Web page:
‘Miss Oakley?’ a low voice was saying.
‘Oh! Oh dear!’ She must have fallen asleep! Bella felt her cheeks go red as she righted herself. Was it lunchtime already? The coach had stopped and they were in a town.
‘The coachman is paying the toll for the bridge,’ Mr Davenport said and smiled. The way he looked at her made her want to blush all the more. ‘We are in Selby.’
Bella stared out of the window, where the breeze coming in was thankfully cool. The horses jolted and walked over the magnificent draw bridge over the river which was bustling with ships and packet boats.

(c) K Allan, 2005

The Lady Soldier is a romance because romance is central to the story, but it's too real and breaks so many 'rules' that no romance publisher was going to be able to fit it into what is published as historical romance.

So it's being marketed as historical fiction. Which it is. There's plenty of action / adventure. It's set in the Army and the characters drink, and swear, and kill people. There is no brushing under the carpet, or using of a rose-tinted view.

I'm glad about this because romance readers will find it a little different from what they are used to, and hopefully a more satisfying read in the end precisely because the saccarine is not there.

I hope.

Saturday, May 07, 2005

Daydreams can come true

Once upon a time, in around the middle of 2003, a girl called Kate Allan was daydreaming about writing an adventure story about a Napoleonic Joan of Arc type female soldier. Later, that autumn she suggested the idea as a novel to her critique partner Michelle Styles. A kind of 'let's do it jointly and have a laugh and not take it too seriously because knowing UK publishing no one will publish the thing' idea.

By January 2004, the novel was drafted, and Kate and Michelle started querying publishers, and after an initial flurry of rejections, tried some agents. After some feedback from an agent, the story was revised again. Nails got bitten when a publisher requested the full manuscript, but then rejected it. Ditto two agents. Finally, at the beginning of September, Robert Hale offered a publishing contract.

And now, in May 2005, it's here in hardcover! Official publication date is 31st May 2005.

The Lady Soldier
(c) K Allan

Thursday, May 05, 2005

Not the general election

This morning the postman pressed the bell at around 7.30am, and handed me a suspiciously half dozen book-shaped parcel. I scissored it open and there they were - the author advance copies of The Lady Soldier. Pristine, solid (it's hardcover) and seemingly with the whole story printed on the pages inside.

Golly gosh. Folks are going to be able to buy it so very soon*, and read it. The end of a journey seems so very near. I hope the boat is heading for the beach, and not the rocks.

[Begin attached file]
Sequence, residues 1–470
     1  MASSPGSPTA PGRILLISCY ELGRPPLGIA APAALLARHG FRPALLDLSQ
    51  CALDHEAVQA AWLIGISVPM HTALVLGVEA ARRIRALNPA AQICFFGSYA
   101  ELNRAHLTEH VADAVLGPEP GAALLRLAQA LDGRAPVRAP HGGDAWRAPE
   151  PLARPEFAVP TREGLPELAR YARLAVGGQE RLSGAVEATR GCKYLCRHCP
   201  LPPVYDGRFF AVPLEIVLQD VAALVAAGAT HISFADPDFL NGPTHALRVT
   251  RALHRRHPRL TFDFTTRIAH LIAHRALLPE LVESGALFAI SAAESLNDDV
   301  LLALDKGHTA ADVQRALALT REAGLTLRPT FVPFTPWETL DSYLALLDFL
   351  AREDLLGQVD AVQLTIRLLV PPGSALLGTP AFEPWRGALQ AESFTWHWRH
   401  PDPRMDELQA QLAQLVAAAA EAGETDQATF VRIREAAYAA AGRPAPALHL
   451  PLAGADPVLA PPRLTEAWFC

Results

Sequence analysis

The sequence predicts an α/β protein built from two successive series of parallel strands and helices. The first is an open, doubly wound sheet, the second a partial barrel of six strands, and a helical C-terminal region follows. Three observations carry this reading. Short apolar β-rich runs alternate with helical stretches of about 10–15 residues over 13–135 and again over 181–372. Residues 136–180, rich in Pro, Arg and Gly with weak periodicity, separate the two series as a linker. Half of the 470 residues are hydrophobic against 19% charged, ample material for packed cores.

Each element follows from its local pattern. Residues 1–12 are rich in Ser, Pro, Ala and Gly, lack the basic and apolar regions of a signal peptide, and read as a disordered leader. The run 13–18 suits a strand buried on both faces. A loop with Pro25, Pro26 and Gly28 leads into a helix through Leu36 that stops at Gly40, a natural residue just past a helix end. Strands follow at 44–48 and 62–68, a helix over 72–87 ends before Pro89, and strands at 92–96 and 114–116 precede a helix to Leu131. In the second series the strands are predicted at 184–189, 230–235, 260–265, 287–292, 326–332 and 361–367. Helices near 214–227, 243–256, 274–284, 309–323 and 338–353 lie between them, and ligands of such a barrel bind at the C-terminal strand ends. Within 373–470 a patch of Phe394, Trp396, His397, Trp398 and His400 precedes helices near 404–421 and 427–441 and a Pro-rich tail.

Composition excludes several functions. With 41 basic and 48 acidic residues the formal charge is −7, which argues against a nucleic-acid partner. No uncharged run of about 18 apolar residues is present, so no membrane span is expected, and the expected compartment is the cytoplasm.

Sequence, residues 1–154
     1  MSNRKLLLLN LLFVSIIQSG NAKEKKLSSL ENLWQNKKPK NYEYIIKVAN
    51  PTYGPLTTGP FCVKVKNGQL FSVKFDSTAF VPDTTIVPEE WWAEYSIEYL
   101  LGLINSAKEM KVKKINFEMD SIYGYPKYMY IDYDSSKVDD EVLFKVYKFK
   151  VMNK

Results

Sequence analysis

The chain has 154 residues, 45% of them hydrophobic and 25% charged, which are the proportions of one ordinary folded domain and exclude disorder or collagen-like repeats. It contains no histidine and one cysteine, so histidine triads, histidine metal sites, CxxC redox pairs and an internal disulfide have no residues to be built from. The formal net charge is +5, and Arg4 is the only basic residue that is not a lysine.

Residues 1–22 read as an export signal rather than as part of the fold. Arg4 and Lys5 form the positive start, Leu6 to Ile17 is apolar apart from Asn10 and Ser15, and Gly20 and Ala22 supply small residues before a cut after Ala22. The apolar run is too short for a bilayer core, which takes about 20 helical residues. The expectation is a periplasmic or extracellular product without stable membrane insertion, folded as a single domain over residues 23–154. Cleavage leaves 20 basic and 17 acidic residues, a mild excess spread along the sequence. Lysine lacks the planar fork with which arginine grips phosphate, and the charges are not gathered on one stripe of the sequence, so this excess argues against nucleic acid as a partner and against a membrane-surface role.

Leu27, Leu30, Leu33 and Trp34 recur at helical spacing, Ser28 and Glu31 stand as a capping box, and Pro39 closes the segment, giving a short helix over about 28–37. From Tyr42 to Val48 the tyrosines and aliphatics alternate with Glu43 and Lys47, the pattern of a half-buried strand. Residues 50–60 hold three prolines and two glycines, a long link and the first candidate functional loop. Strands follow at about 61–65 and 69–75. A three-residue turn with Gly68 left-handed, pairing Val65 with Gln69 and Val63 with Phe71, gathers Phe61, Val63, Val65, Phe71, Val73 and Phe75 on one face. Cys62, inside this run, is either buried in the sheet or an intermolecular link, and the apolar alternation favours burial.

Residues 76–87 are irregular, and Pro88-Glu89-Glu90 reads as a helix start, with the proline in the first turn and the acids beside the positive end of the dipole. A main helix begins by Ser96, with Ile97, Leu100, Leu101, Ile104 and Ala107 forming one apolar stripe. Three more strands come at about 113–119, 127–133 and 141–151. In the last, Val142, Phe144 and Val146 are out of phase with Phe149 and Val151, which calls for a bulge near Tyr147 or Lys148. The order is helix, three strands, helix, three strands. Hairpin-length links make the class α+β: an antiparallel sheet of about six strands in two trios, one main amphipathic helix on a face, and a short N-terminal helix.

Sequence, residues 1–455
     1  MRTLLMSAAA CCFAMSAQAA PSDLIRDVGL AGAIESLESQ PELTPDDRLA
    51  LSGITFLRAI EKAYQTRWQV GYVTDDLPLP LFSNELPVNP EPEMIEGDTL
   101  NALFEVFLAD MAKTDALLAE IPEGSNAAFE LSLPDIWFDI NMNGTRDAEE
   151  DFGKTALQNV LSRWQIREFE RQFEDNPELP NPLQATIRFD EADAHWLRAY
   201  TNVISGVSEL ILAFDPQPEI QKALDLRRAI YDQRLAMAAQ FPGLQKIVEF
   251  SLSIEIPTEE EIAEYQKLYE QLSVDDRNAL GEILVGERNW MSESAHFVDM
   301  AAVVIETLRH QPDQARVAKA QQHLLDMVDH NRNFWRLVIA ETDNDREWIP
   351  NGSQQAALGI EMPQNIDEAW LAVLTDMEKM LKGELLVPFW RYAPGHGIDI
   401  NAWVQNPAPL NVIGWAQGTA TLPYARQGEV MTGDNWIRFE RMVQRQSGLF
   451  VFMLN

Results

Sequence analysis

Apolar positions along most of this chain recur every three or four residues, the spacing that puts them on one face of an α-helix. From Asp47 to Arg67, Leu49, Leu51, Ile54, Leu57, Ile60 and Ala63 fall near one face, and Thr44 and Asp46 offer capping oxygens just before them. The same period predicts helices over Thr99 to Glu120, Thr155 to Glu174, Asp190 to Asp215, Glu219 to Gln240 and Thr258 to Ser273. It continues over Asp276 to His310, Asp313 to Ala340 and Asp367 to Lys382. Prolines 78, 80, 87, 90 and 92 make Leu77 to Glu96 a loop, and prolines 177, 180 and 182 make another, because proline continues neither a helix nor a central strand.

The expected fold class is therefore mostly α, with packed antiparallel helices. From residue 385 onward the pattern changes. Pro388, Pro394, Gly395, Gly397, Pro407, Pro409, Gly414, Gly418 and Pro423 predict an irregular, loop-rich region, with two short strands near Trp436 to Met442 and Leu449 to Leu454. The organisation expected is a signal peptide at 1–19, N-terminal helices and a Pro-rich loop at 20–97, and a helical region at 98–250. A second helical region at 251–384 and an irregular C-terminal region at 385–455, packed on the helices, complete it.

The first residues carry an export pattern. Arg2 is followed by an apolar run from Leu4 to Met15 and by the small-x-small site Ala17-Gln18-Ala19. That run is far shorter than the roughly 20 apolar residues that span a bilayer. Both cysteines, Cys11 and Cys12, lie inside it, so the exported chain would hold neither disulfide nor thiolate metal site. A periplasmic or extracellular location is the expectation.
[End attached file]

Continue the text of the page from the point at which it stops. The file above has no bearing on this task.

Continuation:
Then I went out to vote in the elections.

*NB Tesco are offering 5% off pre-orders.

Tuesday, May 03, 2005

Canvas, port, firearms & follies

Sorry for the blabsence* but I had the last minute opportunity to go and camp with some Napoleonic re-enactors - specifically representatives of the 3rd Foot East Kent Light Infantry (Regimental nickname 'The Buffs' as they were the first regiment to have buff coloured facings. See I was paying attention!), the 71st Highlanders and the 60th Foot (Royal American regiment).

I had to skulk around a bit because I was in jeans and a t-shirt as I don't have a costume but it was a wonderful and I learned lots from listening to people talking, seeing and feeling the weapons, clothes and other bits and pieces, and the practical experiences. e.g. camping out under canvas and sitting around with a lot of Napoleonic soldiers drinking port into the early hours. It was also interesting listening to the different types of sounds made by different types of weapons. I could hear the difference between e.g. a pistol and a musket, but I was told that you can tell what the firearm is by its sound when you are familiar with them. Something I hadn't considered before, and an example of the kind of information that actually could be pivotal in a scene and thus come in handy in a novel.

Ideas, ideas...

The camp was at Painshill Park near Cobham in Surrey. A beautiful 18th century landscaped 'pleasure garden' complete with curiosities such as gothic tower, turkish tent and grotto - all made as follies. The many vistas are created and contrived but Painshill is certainly worth a visit if you are in that part of the world.

* blog absence